At a time of economic recession and appalling unemployment, Community assistance for improving transport infrastructure could only contribute to general economic expansion, development and the stimulation of trade. Any reduction in transport barriers, bottlenecks and frontier procedures should create savings and help the process of convergence of member States' economies. It could certainly narrow the gap in living standards between the richer and less-favoured nations of the Community.
I should like to consider certain policy areas. In transport infrastructure, the need for a coherent policy to overcome what are clearly identifiable bottlenecks in the transport of people and, most important, of goods is self-evident. Without the provision of adequate transport links between the centre and the periphery of the Community, the creation of a genuine free market for goods in both directions will be doomed. Moreover, the pursuit of such a policy should be a positive benefit to the United Kingdom, not only in our dealings with other member States but also in our internal transport networks. Some of the main, identified Community bottlenecks such as the cross-Midlands route from Ireland to the Haven ports or the route from the Midlands to the South Coast ports are important in internal United Kingdom terms as well as in Community terms.
Recent years have seen a continuing deterioration in the financial situation of railway undertakings. Forecasts indicate that with unchanged policies the railways' share of the traffic is likely to continue to fall. There is a great need for a change in emphasis in Community railway policy in this decade. New initiatives and actions have to be taken if present market and financial difficulties in railway operations are to be reversed. I understand that the Commission has examined the situation and will be placing before the Council a paper which examines a list of options and proposals for a new Community railway policy, including a new examination of public service obligations. This is of particular relevance to the future of our own work. I hope that the Secretary of State's response will be based on the desirability of maintaining a full range of transport modes.
The connection between regional policy and transport policy is easy to establish. A fair competition policy is impeded by fiscal and legislative barriers stemming from physical obstructions that must be broken down. The fact that the Community's transport sector accounts for about 18 per cent. of total energy consumption argues for the need for a transport infrastructure that will reduce our dependence on imported energy sources. It hardly needs to be said that an industrial policy could be securely based on Community funding for transport infrastructure with its multiplier effect for steel and other construction sectors.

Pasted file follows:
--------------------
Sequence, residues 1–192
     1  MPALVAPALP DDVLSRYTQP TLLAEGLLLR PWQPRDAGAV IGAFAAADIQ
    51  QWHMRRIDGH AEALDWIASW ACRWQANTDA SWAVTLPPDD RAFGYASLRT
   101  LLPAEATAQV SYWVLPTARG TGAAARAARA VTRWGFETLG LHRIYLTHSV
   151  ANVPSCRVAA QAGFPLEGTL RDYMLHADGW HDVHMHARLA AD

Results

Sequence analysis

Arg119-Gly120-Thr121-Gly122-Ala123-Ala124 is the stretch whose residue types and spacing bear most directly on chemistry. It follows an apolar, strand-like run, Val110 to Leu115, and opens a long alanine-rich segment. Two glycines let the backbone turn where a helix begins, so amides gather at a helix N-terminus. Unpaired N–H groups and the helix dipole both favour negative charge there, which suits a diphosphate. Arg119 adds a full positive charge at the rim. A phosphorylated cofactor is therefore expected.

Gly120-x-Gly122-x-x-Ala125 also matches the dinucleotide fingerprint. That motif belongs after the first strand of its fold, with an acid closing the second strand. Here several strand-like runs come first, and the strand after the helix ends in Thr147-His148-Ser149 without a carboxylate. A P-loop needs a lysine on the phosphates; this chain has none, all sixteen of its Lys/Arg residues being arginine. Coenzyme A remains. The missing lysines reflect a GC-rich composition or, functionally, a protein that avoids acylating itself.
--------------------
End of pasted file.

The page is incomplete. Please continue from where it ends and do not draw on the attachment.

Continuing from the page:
Surely the time is ripe for a new impetus. Can we expect it? The history of decision making on transport in the Community is depressing. Time and again the Commission, supported by the European Parliament, has tried to tie down the Council of Ministers to a coherent programme of action to implement the transport chapter of the Treaty. Time and again the assembled Transport Ministers shrugged their shoulders and did nothing. In 1962, the Commission submitted an action programme on transport, but it was not adopted by the Council. In 1973, a Commission communication to the Council contained a work programme for 1974–76. The Council merely took note. In 1977, the Commission proposed a further programme of work in transport for 1978–80. Again, it was noted by the Council. Two weeks ago, the Transport Council at last adopted a resolution identifying the main areas of policy on which it would "attempt to make progress", but it merely took notice of the Commission's priority programme and timetable for action.
The number of outstanding Commission proposals for action in transport, which have already been endorsed by the European Parliament and the economic and social committee, now stands at no less than 32. The list includes many matters of considerable significance to the United Kingdom and the EEC transport system as a whole. Apart from the draft regulation on the financing of transport infrastructure projects, it covers a range of proposals relating to the functioning of the transport market, the harmonisation of taxation and social legislation, and relations in transport between the Community and its trading partners.
I understand that the Council of Ministers now delegates responsibility for drafting decisions, not to the Commission—as was the firm intention of the authors of the Treaty—but to a body called the permanent representatives' committee. There is no public or parliamentary control over that group of officials, whose work appears to be wrapped in impenetrable mystery. So an under-staffed Commission submits periodic proposals to meetings of the Council, which are infrequent and ill-equipped to deal with them. Ministers then send the proposals back to the permanent representatives' committee, which has no legal status and no negotiating powers.